Holiday Sales Climbed 32015
Sales during the 2015 holiday sales season rose results would encourage me to do more research into what effect this has had on t in 2015 according to the national retailers federation, yet there are conflicting results with the U.S. Commerce Department which registered a 0.02 percent decrease in overall sales. These conflicting results would cause me to be skeptical of them and do a bit more research into how the jewelry retail sector weathered the season.
Many folks that I connect with feel that the holiday jewelry season was a wash or losing proposition compared to a year ago. Their margins were smaller and they had to fight hard for the luxury goods sales. The jewelry industry has a tougher time in the retail sales market as the consumers are showing their worry about the economic slowdown taking shape over these last few months.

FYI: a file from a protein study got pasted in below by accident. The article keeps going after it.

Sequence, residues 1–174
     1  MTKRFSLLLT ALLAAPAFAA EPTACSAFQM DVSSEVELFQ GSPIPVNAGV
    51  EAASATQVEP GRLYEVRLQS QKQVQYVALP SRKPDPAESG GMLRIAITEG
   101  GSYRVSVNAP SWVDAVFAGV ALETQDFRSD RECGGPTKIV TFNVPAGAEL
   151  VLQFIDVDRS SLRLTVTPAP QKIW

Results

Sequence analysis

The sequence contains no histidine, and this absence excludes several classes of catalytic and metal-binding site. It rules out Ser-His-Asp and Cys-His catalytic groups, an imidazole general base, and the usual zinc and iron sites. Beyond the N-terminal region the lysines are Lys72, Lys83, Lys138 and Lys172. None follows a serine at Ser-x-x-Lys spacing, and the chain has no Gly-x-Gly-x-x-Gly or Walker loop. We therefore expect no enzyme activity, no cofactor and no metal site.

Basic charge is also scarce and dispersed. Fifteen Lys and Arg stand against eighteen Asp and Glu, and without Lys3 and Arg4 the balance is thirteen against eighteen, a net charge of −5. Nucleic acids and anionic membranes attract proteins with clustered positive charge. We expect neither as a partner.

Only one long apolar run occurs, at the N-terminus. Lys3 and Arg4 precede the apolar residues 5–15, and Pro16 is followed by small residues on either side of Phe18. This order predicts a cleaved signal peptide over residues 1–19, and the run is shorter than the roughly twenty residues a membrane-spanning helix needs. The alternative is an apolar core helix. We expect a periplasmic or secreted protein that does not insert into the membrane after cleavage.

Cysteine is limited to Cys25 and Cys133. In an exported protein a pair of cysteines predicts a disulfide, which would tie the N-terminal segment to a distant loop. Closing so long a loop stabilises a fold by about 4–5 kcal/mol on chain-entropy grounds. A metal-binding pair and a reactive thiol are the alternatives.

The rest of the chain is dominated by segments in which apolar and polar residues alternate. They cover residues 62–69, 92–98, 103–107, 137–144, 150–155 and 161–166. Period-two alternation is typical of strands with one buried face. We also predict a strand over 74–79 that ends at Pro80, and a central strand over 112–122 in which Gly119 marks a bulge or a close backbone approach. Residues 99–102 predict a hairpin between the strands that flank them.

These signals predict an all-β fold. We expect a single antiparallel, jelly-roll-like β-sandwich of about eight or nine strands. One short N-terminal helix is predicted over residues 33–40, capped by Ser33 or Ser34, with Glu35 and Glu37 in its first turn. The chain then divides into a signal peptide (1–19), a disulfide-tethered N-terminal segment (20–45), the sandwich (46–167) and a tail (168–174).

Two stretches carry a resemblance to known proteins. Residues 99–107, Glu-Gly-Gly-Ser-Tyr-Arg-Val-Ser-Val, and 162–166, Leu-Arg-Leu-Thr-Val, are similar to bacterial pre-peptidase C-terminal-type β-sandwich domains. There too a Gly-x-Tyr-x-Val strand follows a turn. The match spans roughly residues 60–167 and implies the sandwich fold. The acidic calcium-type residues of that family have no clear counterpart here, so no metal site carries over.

My take on this is that figures are being manipulated to ease the worry of both retailers and consumers over the potential downward trend taking shape, I say potential downward trend as the normal sources that show trends are conflicting with one another to support their individual needs for the market followers they serve.
January 19, 2016
Washington–The National Retail Federation wasn’t far off when it estimated in October that holiday sales for the 2015 season would increase 4 percent–the organization revealed Friday sales actually climbed 3 percent year-over-year, to a total of $626.14 billion.
The NRF said December retail sales (excluding automobiles, gas stations and restaurants) fell 0.2 percent seasonally adjusted from November, yet increased 3 percent unadjusted when compared with the same period 2014.
“Make no mistake about it, this was a tough holiday season for the industry,” NRF President and CEO Matthew Shay said. “Weather, inventory challenges, advances in consumer technology and the deep discounts that started earlier in the season and that have carried into January presented stiff headwinds as retailers competed with one another and their own bottom line.” READ MORE…